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writes: Nana Latsi

Great, visionary, blessed you say from the muses,
rhetorical, wintery, grandiose, big-mouthed and exuberant. The Lord of our lalia, as the Nobel Prize-winning poet Seferis called
him, was born in 1884 in Lefkada and was the seventh and last child of Hariklia and Ioannis Sicilianos, a professor of French and Italian with roots from Sicily. His mother came from an urban family and had a French education (he was educated in
Arsakio, Athens). And it suited him. He could have been named Apollo or Orpheus, and those names would have gone to him. This boy was about to become one of the leading visionary creators. In his hometown he was taught the first letters in elementary school and then in high school. There he wrote at the age of just thirteen and his first poems. In 1901 he left for Athens where he enrolled as a student at the Law School, but never attended classes. He was a born poet. Unforgettable and decisive for his development and subsequent orientation were the walks with his father in the white oli
ve groves.Here the father will introduce him to ancient Greek mythology, in its absolute relationship with Greek nature and will introduce him in a very nat
ural way to the history and culture of antiquity. , pro-state philosophers, Plato, Aeschylus but also the Bible and foreign writers like D’Annuncius. An important milestone in Sicilian’s life was his acquaintance and marriage, in 1907, to the American Eva Palmer, who was studying Greek archaeology and choreography in Par
is.In 1909 he published his first poetic collection “Alafroiskiotos”, which caused a special seNanation in literary circles, recognized as a station work in the history of Modern Greek letters.

Sicilian’s literary work served his grandiose worldview for the role of poet as a devotee and missionary of a religious ideology. Sicilian subjected his expressive means. He adopted a pre- and anti-logical expression in both poetry and his tragedies and assimilated a variety of spiritual influences. In his texts there are elements that refer to the currents of romance, aesthetics, symbolism but also to the ancient Greek orphic and pro-state philosophers.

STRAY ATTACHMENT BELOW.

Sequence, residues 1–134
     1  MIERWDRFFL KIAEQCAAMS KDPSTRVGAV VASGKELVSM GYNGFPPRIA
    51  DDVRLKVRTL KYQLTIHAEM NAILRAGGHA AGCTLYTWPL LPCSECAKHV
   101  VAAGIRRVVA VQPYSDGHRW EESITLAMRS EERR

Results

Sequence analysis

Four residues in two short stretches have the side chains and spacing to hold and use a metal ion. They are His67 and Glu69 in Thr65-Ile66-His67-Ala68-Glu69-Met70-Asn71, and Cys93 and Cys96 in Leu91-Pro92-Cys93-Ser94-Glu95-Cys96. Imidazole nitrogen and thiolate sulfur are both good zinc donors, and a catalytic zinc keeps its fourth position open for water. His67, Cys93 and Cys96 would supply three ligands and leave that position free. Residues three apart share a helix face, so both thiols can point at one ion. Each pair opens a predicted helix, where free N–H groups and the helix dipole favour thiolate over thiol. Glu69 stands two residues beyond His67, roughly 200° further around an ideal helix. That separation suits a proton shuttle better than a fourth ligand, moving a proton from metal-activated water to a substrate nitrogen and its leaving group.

In Ano Boyani Parnassos in 1922 he learns the news about the Asia Minor Disaster. He closes in on his room and cries. He composes the Oath of The Communities in Mana Greece.

In 1927 Sicilian and his wife Eva carried out his vision of the “Delphic Idea” with the revival of the “Delphic Feasts”, aimed at the brotherhood and peace of the peoples. Since then it has been established for the first time to play the works
of classical tragics in ancient theatres. revived the performances of Prometheus Bond (1927) and Iketides (1930) of Aeschylus directed and taught by the poet, Eva Sicilianou taught dance and made all the c
ostumes of the show on her own in clay. , a global union for the fellowship of peoples and the Delphic University, whose aim would be to compose into a single myth the traditions of all peoples. In 1929, the Academy of Athens awarded him a silver medal for the valiant effort to revive the Delphi games.

When the Second World War began, he spoke on the radio the “Pan-Human March of Greece”, while writing non-stop to inspire the fighters of Pindos and all the Greek people. In the years of the Occupation, again, he publis
hed – illegally
– a newspaper entitled “Freedom.” essays, tragedies, poems, etc.
What can I say about his wanderi
ng abroad, in the Holy Land he walked where Christ, in Greece from end to far and often dense on Mount Athos, what can I say about his work which is huge. :Alafroiskiot
os – Abroad – The Dithyramvos of the Roa
d, Ascending to The Great Nostos – To Makryianni – Spiritual Interventi
on, to A Lost Love.

In closing, a timely excerpt from the “Spiritual March”

“Forward, you help to lift the sun over Greece,

You’re helping to lift the sun over the world!

What do you see, his wheel’s gone deep in the mud,

And, you see, he’s got his axon deep in the blood!

Come on, guys, and it’s not convenient for the sun to come up on its own,

push with a beard and chest, get him out of the mud,

Push with your chest and your neck, let’s get him out of the earth.

Tie up, we’re leaning on him, his blood brothers!

Come on, brothers, and he’s got us with his fire.

And his flame wrapped us up, my brothers!”

“10 000 000 000 000 000 000 000 Your porter momentum

Style with heads and feet, don’t let the sun sink!

You’re helping me and brothers, so I don’t sink in the back!

What’s on me and inside me and around

What am I going back to a holy vertigo with him?

A thousand bulls hold his base.

Biceps, and he’s on top of me.

his wings and groans his salage

in my head side and in my soul

And the long and the sima for me is one!

Unheard of, heavy, I’m living Harmony! All right, comrades.

Help her get up, make the sun pnemma!


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